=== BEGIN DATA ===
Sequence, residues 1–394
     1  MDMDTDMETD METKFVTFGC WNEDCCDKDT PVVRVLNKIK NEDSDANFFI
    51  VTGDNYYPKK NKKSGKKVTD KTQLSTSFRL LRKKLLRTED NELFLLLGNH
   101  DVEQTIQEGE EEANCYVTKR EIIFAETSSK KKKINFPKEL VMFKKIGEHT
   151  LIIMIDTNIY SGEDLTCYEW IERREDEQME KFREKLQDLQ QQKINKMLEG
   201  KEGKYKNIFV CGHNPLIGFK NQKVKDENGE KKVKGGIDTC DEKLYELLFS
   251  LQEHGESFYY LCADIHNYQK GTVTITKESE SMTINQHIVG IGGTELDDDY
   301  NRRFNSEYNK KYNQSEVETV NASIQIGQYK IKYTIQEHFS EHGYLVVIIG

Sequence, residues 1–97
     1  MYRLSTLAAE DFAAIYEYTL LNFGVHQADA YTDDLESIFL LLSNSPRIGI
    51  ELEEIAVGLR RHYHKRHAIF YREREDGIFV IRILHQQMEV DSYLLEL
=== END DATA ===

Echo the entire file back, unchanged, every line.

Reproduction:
Sequence, residues 1–394
     1  MDMDTDMETD METKFVTFGC WNEDCCDKDT PVVRVLNKIK NEDSDANFFI
    51  VTGDNYYPKK NKKSGKKVTD KTQLSTSFRL LRKKLLRTED NELFLLLGNH
   101  DVEQTIQEGE EEANCYVTKR EIIFAETSSK KKKINFPKEL VMFKKIGEHT
   151  LIIMIDTNIY SGEDLTCYEW IERREDEQME KFREKLQDLQ QQKINKMLEG
   201  KEGKYKNIFV CGHNPLIGFK NQKVKDENGE KKVKGGIDTC DEKLYELLFS
   251  LQEHGESFYY LCADIHNYQK GTVTITKESE SMTINQHIVG IGGTELDDDY
   301  NRRFNSEYNK KYNQSEVETV NASIQIGQYK IKYTIQEHFS EHGYLVVIIG

Sequence, residues 1–97
     1  MYRLSTLAAE DFAAIYEYTL LNFGVHQADA YTDDLESIFL LLSNSPRIGI
    51  ELEEIAVGLR RHYHKRHAIF YREREDGIFV IRILHQQMEV DSYLLEL